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Green light given for solar panels at St Peter Mancroft, Norwich

02 February 2024

Creative Commons/Ben Keating

St Peter Mancroft, Norwich

St Peter Mancroft, Norwich

THE Vicar and churchwardens of St Peter Mancroft (SPM), a Grade I listed medieval building founded in 1075 and a landmark in the centre of Norwich, have been granted a faculty to install clamp-fixed arrays of solar panels on the roof of the south aisle.

The faculty also includes permission to install six storage batteries in the former organ-blower room, and two external heat-pump evaporator units, and allows for associated cabling and wiring alterations in the main church electrical-distribution boards.

In common with many churches, SPM has reviewed, on a continuing basis, how it can reduce the carbon footprint to net zero by 2030 in line with the Church of England’s target. The church considers it to be not just a question of cost-effectiveness, but principally a wider moral issue in avoiding, or at least mitigating, catastrophic climate change.

In 2020, the PCC had considered the issue of solar panels when renovating the lead roof, but had rejected the idea because of the church’s energy output and the probably limited benefits of solar panels without storage batteries. The use and availability of solar panels, combined with storage batteries, however, had increased in the past three years, and it was now considered that that would provide significant advantages for the church.

The petitioners reasoned that the church was well lit by natural daylight, and the electrical output would be mostly for lighting, which could be stored, so that the viability of solar panels was greater now than they had concluded in 2020. They also stated that the storage would enable higher power demands (kettles, organ, etc.) without needing to draw power from the grid.

The law that applied to the proposals in the petition for the faculty is colloquially known as the Duffield test. It required the Consistory Court to ask itself, first, whether the proposals, if implemented, would result in harm to the significance of the church as a building of special architectural or historical interest. If the answer to that question was yes, then it was necessary to ask how serious the harm would be, and to assess how clear and convincing the justification was for the proposals.

The Chancellor, the Worshipful David Etherington KC, said that, in reaching his decision, he recognised that, to reach the target of net zero by 2030, “painful decisions” would have to be made. In the context of modifications to listed buildings, it might “look like a battle between attempts to lessen, halt, or reverse climate change on the one hand, and the proper conserving of listed buildings on the other”.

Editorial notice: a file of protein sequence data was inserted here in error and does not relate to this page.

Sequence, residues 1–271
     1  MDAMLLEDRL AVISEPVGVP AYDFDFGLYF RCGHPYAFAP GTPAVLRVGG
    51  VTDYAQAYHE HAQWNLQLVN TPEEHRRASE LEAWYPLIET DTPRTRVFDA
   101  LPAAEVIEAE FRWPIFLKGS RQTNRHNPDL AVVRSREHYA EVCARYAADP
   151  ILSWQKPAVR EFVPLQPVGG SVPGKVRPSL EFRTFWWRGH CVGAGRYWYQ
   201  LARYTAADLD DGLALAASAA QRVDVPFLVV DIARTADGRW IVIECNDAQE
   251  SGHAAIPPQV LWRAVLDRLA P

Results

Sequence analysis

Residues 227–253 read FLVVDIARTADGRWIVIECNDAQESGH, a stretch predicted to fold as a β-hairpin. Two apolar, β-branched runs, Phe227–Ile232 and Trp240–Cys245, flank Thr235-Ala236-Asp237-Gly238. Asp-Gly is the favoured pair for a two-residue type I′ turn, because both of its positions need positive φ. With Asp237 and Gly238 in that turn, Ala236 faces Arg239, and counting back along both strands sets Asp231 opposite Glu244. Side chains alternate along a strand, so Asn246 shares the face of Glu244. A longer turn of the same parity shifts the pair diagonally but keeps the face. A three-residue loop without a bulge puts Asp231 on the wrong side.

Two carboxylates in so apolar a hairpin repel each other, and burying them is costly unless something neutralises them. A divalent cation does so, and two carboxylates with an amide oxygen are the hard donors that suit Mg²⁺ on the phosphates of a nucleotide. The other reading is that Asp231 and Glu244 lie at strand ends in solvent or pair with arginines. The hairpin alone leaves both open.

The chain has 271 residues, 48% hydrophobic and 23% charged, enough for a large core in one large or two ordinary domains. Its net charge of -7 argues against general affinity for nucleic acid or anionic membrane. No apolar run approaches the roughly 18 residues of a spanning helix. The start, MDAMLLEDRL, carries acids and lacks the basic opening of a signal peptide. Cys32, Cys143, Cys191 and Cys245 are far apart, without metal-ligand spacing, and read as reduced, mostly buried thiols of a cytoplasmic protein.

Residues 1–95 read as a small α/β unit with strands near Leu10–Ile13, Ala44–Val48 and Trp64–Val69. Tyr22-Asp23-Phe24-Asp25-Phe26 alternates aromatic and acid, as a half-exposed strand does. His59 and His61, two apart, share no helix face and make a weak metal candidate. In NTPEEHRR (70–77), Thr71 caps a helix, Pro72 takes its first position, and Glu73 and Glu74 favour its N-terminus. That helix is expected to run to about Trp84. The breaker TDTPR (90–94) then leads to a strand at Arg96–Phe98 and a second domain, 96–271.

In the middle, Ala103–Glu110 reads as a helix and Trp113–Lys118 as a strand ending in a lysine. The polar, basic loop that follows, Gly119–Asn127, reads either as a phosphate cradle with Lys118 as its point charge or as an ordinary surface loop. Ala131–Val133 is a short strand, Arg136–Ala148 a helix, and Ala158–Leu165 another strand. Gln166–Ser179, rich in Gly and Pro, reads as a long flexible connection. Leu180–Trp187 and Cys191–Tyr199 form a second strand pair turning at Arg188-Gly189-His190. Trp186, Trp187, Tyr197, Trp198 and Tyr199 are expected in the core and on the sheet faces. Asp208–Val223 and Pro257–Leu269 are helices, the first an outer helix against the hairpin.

But that was a “fallacy”, the Chancellor said, because the unchecked effects of global warming were likely to lead to “catastrophic climate change within a shorter time frame than we realise”, and had the “potential to cause untold damage to listed buildings”, and “should it lead to economic collapse as well, then the money will not be there to protect and maintain them”.

The Chancellor said that his decision had been made easier by the “detailed, professional, and balanced way” in which the Vicar, Canon Edward Carter, and the churchwardens had presented their petition for a faculty.

Turning to the first question in the Duffield test: the proposals would, if implemented, result in harm to the church as a building of special architectural or historical interest. The harm identified was to the visual appreciation of the church, which, in turn, damaged architectural and historical significance.

But, the Chancellor concluded, the level of damage to the architectural and historical significance of the church was “low to very low”, and the justification for the proposals was clear and convincing. The petitioners had done all that they reasonably could to reduce the church’s carbon footprint already, and the proposal was to realise further energy-saving.

One concern that courts sometimes had, when changes were proposed resulting from technological advances, was how permanent the technology being introduced would be. “We live in an age of extremely rapid technological development,” the Chancellor said, so that these solar panels “would doubtless be improved upon or even become redundant in favour of even more inventive techniques to capture solar energy over their lifetime”.

The fact that they were wholly reversible without causing damage to the fabric of the church was, in the Chancellor’s judgment, “an answer to that particular concern”.

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